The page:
AUGUSTA — Gov. Paul LePage told a television station Wednesday that he preferred a shutdown of state government over the bipartisan $6.3 billion budget crafted by lawmakers.
“I think a shutdown is less painful and less damaging than signing a bad budget,” LePage told WCSH-6 during an interview in Damariscotta.
LePage added that the budget proposal unanimously by the Legislature’s budget-writing committee was a “bad document” and “horrific.” The governor’s comments came as lawmakers prepare to vote on the state’s two-year spending plan and enact it before June 30, the end of the fiscal year.
The state constitution requires a balanced budget in order to keep state government running.
The governor’s remarks also came as LePage’s close political allies are urging Republican lawmakers to stand with the governor and reject a deal that has received the approval of legislative leadership in both parties.
Democrats, who control the Legislature, hope enough Republicans will vote for the compromise budget to garner two-thirds support, the threshold required to override a veto.
LePage’s remarks were quickly blasted by Democratic leaders Senate President Justin Alfond, of Portland, and House Speaker Mark Eves, of North Berwick.
Both said the governor’s comments were irresponsible, but not surprising.
“We’ve seen a pattern of behavior from the governor that when he doesn’t get what he wants, he threatens and intimidates and issues ultimatums,” Eves said.
Alfond said the governor was sending the wrong message to approximately 10,000 state workers that could lose paychecks if government is shutdown.
“To me it just showcases how out of touch this governor is with working men and women in the state of Maine,” Alfond said.
“It’s tourism season,” he added. “What kind of message does it send when the governor says he wants to shutdown state government rather than supporting a compromise budget? It’s the wrong message to be sending, not only to tourists, but businesses who want to come here.”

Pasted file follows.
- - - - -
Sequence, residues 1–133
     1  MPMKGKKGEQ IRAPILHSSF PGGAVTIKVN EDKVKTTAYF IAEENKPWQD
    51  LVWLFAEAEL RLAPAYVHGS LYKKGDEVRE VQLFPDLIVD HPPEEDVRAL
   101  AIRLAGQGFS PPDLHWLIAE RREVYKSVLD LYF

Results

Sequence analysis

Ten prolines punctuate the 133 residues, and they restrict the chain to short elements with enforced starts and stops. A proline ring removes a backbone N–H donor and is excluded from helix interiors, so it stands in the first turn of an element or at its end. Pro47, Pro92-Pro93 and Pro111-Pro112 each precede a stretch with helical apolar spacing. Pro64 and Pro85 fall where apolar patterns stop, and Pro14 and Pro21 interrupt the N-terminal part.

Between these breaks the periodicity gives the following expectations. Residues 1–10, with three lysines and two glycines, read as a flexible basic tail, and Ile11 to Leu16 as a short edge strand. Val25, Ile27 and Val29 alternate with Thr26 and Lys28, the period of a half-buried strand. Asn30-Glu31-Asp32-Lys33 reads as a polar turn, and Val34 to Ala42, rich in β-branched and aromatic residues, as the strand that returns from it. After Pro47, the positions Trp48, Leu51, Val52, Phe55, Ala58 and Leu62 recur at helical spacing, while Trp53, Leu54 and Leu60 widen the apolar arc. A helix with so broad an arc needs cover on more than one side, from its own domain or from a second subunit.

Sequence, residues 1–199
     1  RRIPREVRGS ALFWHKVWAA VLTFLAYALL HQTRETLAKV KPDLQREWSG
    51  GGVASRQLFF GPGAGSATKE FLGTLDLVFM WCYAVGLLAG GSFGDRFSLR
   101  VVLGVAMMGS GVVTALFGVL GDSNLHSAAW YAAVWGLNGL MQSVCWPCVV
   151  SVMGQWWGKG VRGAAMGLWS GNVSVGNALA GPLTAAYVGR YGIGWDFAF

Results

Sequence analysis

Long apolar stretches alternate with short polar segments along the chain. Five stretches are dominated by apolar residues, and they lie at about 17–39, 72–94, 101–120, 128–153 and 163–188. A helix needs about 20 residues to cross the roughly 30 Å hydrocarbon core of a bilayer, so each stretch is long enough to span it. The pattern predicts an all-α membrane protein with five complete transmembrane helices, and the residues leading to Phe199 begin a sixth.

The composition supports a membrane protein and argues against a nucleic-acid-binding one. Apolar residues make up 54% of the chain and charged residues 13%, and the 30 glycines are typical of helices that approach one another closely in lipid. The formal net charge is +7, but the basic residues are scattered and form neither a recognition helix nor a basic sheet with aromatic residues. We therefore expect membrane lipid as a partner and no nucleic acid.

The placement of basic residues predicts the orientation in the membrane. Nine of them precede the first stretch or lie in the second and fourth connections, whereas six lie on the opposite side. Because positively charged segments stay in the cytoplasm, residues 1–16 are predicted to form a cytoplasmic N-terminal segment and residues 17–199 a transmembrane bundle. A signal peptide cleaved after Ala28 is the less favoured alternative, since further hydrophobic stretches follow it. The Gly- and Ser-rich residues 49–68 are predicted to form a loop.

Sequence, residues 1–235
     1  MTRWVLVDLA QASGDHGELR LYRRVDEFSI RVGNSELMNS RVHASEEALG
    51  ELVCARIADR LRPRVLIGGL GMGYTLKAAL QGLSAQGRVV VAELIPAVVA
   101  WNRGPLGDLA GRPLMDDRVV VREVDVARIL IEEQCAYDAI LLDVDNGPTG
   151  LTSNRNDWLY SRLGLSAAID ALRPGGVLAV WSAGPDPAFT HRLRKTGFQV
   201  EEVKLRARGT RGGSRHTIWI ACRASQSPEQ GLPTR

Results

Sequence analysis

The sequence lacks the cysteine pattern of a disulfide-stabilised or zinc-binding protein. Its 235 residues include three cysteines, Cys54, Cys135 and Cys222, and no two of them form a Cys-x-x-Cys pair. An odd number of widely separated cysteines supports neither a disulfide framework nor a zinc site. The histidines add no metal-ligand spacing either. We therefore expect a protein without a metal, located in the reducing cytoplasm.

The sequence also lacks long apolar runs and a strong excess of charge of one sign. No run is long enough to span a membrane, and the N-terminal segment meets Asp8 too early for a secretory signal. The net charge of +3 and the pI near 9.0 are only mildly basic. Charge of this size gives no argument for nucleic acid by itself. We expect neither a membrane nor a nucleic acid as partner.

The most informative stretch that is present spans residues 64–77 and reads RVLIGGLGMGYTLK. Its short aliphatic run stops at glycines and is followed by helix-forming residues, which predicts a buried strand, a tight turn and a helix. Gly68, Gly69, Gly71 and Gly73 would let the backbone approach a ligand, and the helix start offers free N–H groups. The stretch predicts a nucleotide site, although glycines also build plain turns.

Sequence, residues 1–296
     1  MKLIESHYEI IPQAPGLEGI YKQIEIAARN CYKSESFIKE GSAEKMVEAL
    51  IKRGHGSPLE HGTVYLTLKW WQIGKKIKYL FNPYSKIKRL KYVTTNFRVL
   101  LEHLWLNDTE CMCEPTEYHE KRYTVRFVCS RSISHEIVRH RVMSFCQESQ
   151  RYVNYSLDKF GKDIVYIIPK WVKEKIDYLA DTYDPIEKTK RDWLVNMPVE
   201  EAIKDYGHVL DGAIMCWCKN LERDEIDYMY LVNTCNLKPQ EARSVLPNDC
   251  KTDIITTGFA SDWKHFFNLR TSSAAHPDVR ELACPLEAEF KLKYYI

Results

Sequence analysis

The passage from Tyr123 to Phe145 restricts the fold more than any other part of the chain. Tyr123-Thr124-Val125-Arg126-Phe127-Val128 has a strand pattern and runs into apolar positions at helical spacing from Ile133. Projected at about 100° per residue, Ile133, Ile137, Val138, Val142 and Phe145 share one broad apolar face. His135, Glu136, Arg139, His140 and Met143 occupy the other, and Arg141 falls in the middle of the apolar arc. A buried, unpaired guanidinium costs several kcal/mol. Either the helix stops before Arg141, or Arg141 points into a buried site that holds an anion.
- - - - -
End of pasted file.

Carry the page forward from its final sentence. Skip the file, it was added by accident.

LePage has previously indicated that he’ll veto the budget. The governor has also said he’ll take the full 10 days allowed by law to review the budget.
Eves said the governor should veto the budget as soon as it hits his desk so that the Legislature can pass it without him.
“The absurdity of this whole scenario is that if he’s going to veto it, why take the 10 days?” Eves said. “I’m calling on the governor to veto the bill. If he’s going to do it, he should do it. He should not take 10 days and get us to the cliff of shutdown, which is what he’s begging for.”
During his weekly radio message he promised to veto any budget that includes tax increases.
The budget passed by the Appropriations Committee last week contains a temporary sales tax increase, from 5 percent to 5.5 percent and a 1 percent increase in the meals and lodging tax, from 7 percent to 8 percent. Both sunset at the end of the biennium.
Both tax increases were designed to fill a $400 million budget gap created by the tax cut package the Legislature passed in 2011 but not paid for.
LePage’s budget, released in January, was designed to protect the tax cut.
Critics of his plan say LePage’s budget proposal claim it contained a $400 million tax increase because of a two-year suspension of municipal aid and changes to other tax programs designed to provide property tax relief.
LePage’s budget also contained an income tax increase would have raised the tax bill of the average Mainer by $39 over the next two years. The increase was driven by a change in inflation indexing to what’s known as chained consumer price indexing. The subtle but substantive change would have generated more than $8.6 million in income tax collections over the two fiscal years beginning July 1.
The Appropriations Committee rejected the proposal.
It’s unclear if legislative leaders can hold the compromise budget together.
House Republican leader Rep. Kenneth Fredette, of Newport, told the Press Herald last week that his caucus members needed to answer to their constituents. He added that the budget proposal was also likely the best deal either side could expect in divided government.
Alfond and Eves were asked Wednesday if they were confident the deal would survive. Both noted that leaders from both parties signed off on the compromise when it was reached during the early morning hours last Friday.
Eves said the deal was a “gentleman’s handshake,” adding that it would be unprecedented for a budget passed unanimously in committee not to receive two-thirds support. A failure to achieve that threshold this time would show “a serious lack of leadership,” Eves said. “The ultimate decision for every Republican is, are you going to stand with the governor and support his reckless, irresponsible budget? Or are you going to stand with your community and the people of Maine?”
Alfond was hopeful.
“I think he (LePage) has trapped himself,” he said. “Our job is to work with our Republican colleagues to get two-third votes in the Senate and House.”
The budget could come for a vote today.